For at least 10,000 years, Cannabis has been used as a medicine, as an intoxicant, and in religious rituals [1, 2].

Cannabis remains both one of the safest intoxicants and one of the most versatile medicines in the world. It’s capable of offering a vast amount of nuanced delights and inspiration, while providing therapeutic liberation from ailments small and large.

The most common method of Cannabis consumption is smoking.

Smoking requires the combustion of the Cannabis flower and leaves where the psychoactive chemicals such Tetrahydrocannabinol (THC) are released as smoke. These chemicals are absorbed into the bloodstream via the lungs through inhalation.

There are other methods to use Cannabis such as ingestion and topical creams.

These methods are less predictable since dosages are not perfectly controlled. The onset of effects, duration, and intensity will vary from person to person based on each individual’s metabolism.

Combustion of any plant material releases toxic compounds and irritants, and Cannabis is no exception.

Cannabis smoke contains gaseous and particulate matter with the potential to create symptoms of respiratory problems. Burning medical marijuana, just like burning tobacco, produces tar and other carcinogens that actively harm your lungs [3]. Although Cannabis creates fewer problems than cigarette smoking [4].

Inhalation of combusted Cannabis is associated with large airway inflammation, increased airway resistance, and lung hyperinflation, and those who smoke marijuana regularly report more symptoms of chronic bronchitis than those who do not smoke [5].

Vaporizers are able to circumvent these risks by gently heating marijuana to a thermal sweet spot that releases active compounds without creating smoke.

This is achieved by hitting temperatures above the boiling point of cannabinoids like THC, but below the combustion point of the plant. Most cannabinoids and terpenes, the therapeutic compounds found in Cannabis, boil in the range of 315-440°F (157-227°C). Beyond 451°F (233°C), combustion begins to occur. For reference, the lowest possible temperature of the butane flame in your Bic lighter is 761°F (405°C). These essential oils contain the majority of the cannabinoids and terpenes which give Cannabis its effects, so in essence, vaporization gives you all the good stuff and very little of the bad [6, 7].

Vaporizers are also more efficient than smoking.

When Cannabis is combusted, it reaches high enough temperatures to instantly destroy 50 percent of the cannabinoids. As a result vaporizers will require less Cannabis to reach the same level effectiveness.

Another positive of using vaporizers is the lack of smell compared to smoking.

Vapor is less dense than smoke and it quickly dissipates especially in a ventilated area. On the other hand, smoke contains more particulates as byproducts of combustion such as tar, and many of these small particles are sticky and easily attach to the walls or fabrics.

Lastly vaporizers allow the user to truly tastes the flavor of their Cannabis product.

The high heat of combustion leads to burning and smoke which overpowers the natural flavors of the plant. Cannabis plants get their unique aroma from molecules called terpenes. Terpenes are natural aroma chemicals found in plant resins, and they also impact how different Cannabis varieties make you feel. Different terpenes have different boiling points. This means that when heated to low temperatures, some flavors and aromas are more likely to express than when heated to high temperatures. Adjusting the temperature on a vaporizer will allow you to fine-tune the Cannabis experience.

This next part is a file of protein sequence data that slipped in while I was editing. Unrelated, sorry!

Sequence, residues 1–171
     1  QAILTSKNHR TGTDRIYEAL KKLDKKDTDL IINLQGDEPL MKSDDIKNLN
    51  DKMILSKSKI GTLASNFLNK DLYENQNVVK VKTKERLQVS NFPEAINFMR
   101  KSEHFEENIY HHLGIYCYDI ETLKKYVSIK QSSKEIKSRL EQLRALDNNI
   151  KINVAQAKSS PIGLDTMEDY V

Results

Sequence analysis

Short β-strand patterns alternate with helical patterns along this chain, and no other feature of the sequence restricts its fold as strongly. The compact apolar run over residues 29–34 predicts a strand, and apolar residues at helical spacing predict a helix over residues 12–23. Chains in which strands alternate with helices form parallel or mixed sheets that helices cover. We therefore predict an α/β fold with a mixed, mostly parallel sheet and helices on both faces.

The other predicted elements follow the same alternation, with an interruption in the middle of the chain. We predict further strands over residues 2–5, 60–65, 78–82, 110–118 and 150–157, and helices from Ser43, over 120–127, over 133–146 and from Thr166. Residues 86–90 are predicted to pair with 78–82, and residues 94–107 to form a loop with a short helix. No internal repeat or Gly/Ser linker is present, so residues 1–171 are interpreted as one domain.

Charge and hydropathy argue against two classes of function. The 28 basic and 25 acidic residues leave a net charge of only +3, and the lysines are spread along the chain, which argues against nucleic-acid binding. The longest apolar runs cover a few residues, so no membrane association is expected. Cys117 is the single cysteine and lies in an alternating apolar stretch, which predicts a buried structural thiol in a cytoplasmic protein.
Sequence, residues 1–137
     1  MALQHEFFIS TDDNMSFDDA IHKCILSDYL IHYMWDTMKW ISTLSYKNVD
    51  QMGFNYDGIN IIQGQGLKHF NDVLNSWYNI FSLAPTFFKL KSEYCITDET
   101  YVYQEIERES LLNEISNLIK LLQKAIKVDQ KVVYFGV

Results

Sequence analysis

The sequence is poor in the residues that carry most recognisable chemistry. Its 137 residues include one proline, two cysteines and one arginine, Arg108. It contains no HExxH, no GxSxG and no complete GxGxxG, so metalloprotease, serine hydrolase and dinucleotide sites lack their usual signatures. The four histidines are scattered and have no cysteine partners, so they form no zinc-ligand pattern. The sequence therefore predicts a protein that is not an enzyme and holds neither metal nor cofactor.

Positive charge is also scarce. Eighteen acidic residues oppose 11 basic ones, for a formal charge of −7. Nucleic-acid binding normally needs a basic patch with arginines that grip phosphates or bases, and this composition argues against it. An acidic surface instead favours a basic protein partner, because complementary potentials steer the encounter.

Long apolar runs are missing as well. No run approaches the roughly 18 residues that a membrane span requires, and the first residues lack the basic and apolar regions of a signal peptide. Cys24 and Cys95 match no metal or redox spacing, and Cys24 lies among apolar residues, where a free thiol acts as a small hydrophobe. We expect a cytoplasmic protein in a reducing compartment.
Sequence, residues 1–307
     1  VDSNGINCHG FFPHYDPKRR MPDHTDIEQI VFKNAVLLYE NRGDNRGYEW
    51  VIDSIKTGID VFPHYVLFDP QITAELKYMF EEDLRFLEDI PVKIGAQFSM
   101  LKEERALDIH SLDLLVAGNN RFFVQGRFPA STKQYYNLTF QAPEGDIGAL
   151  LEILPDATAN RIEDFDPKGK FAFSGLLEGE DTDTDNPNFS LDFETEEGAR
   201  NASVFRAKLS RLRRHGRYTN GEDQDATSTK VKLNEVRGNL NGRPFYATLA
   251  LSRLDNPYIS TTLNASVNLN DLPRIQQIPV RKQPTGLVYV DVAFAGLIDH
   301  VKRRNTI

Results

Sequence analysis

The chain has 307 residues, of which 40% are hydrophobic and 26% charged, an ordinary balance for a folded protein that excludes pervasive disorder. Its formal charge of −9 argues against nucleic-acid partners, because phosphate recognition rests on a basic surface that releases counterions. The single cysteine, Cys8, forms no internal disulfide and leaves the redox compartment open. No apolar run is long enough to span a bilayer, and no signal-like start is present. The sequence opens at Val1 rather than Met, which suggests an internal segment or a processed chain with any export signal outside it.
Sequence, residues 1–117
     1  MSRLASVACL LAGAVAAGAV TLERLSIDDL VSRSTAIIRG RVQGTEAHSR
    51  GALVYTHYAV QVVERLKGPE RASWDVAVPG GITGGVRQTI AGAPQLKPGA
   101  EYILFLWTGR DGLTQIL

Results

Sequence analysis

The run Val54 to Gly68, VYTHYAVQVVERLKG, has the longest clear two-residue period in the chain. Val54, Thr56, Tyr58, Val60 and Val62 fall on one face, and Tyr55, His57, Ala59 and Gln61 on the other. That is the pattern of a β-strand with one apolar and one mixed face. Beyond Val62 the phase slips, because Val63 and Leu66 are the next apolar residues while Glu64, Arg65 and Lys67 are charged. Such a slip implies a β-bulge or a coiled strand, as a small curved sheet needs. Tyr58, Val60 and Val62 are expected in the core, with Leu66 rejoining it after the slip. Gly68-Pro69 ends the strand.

In conclusion:

– Vaporizers allow you to truly taste Cannabis.
– Vaporizers are less smelly.
– Vaporizers are more efficient at using Cannabis.
– And most importantly Vaporizers are safer for your health.


1. Abrahamov, Aya et al. “An Efficient New Cannabinoid Antiemetic In Pediatric Oncology”. Life Sciences, vol 56, no. 23-24, 1995, pp. 2097-2102. Elsevier BV, doi:10.1016/0024-3205(95)00194-b.

2. Bouaboula, Monsif et al. “A Selective Inverse Agonist For Central Cannabinoid Receptor Inhibits Mitogen- Activated Protein Kinase Activation Stimulated By Insulin Or Insulin-Like Growth Factor 1”. Journal Of Biological Chemistry, vol 272, no. 35, 1997, pp. 22330-22339. American Society For Biochemistry & Molecular Biology (ASBMB), doi:10.1074/jbc.272.35.22330.

3. Tashkin, Donald P. “Effects Of Marijuana Smoking On The Lung”. Annals Of The American Thoracic Society, vol 10, no. 3, 2013, pp. 239-247. American Thoracic Society, doi:10.1513/annalsats.201212-127fr. Accessed 4 Oct 2018.

4. Melamede, Robert. Harm Reduction Journal, vol 2, no. 1, 2005, p. 21. Springer Nature, doi:10.1186/1477-7 517-2-21. Accessed 4 Oct 2018.

5. Owen, Kelly P. et al. “Marijuana: Respiratory Tract Effects”. Clinical Reviews In Allergy & Immunology, vol 46, no. 1, 2013, pp. 65-81. Springer Nature, doi:10.1007/s12016-013-8374-y. Accessed 4 Oct 2018.

6. Clark, Robert. “Vaporizer-Selection System Malfunction In The Dräger Narkomed 2C Machine”. Anesthesiology, vol 104, no. 4, 2006, p. 891. Ovid Technologies (Wolters Kluwer Health), doi:10.1097/000005 42-200604000-00042.

7. Gieringer, Dale et al. “Cannabis Vaporizer Combines Efficient Delivery Of THC With Effective Suppression Of Pyrolytic Compounds”. Journal Of Cannabis Therapeutics, vol 4, no. 1, 2004, pp. 7-27. Informa UK Limited, doi:10.1300/j175v04n01_02.

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